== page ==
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Trains from South Wales to London affected by disruption

20 October 2018

Network Rail engineers are working to fix the damaged lines and to recover stranded trains, and hope to have two of the four lines working again by midday.

A Network Rail spokesperson said: "Extensive damage to 500 metres of overhead electric power lines last night means no trains have been able to run between London Paddington and Reading and Heathrow this morning".

GWR said because one line remained closed "some alterations will be experienced on commuter services in the Thames Valley, particularly trains serving the stations of Maidenhead and Twyford".

It said GWR tickets were still being accepted from Waterloo, Marylebone and Euston for travel on South Western Railway, Chiltern Railway, Virgin Trains, West Midlands Railway and TfW rail.

The disruption affected passengers as far as south-west Wales, Bristol, Exeter, Plymouth and Penzance, according to Great Western Railway. The train was not in passenger use.

Class 802 trains are bi-mode, meaning they can operate on electric and diesel power.

Trains to London's Heathrow Airport were among those affected, though by mid-afternoon a limited service had resumed.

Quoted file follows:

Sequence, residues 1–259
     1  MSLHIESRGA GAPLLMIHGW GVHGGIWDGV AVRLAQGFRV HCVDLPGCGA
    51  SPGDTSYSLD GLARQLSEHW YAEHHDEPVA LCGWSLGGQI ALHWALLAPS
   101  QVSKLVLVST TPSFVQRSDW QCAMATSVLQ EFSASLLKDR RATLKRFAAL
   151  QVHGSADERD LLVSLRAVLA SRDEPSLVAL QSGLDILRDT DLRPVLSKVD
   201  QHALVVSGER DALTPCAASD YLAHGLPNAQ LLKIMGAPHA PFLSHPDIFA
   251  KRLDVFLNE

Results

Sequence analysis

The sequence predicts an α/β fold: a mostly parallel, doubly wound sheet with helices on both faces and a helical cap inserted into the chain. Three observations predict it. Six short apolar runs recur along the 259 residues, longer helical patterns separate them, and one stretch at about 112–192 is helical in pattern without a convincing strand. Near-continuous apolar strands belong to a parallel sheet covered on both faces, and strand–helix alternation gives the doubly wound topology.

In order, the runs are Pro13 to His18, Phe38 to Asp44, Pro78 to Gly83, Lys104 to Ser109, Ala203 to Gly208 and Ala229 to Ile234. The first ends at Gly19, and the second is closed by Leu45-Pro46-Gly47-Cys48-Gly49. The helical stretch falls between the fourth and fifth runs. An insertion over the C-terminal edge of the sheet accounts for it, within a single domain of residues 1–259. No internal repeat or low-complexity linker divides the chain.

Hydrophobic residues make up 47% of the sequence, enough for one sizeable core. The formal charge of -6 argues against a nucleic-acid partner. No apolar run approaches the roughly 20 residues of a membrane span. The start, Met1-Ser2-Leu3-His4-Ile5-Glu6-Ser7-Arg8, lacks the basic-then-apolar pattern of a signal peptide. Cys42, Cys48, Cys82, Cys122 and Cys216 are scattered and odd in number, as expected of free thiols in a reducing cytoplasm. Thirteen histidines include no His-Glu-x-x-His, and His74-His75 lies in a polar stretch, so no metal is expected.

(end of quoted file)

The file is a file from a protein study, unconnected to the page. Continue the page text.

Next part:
GWR is investing £500m in the new fleet delivered by Hitachi which will replace the operator's high-speed rolling stock by the end of next year.

This morning's issues come after commuters faced major delays on Tuesday evening as electricity supply problems caused delays and cancellations on a number of busy routes in and out of London.

Great Western Railway has urged people to "only travel if necessary".

Matthew Benjamin tweeted about chaotic scenes at Reading, and said he'd had to queue in an underground auto park for a taxi to get back to London, where he had two night buses ahead of him.

Trains from South Wales to London affected by disruption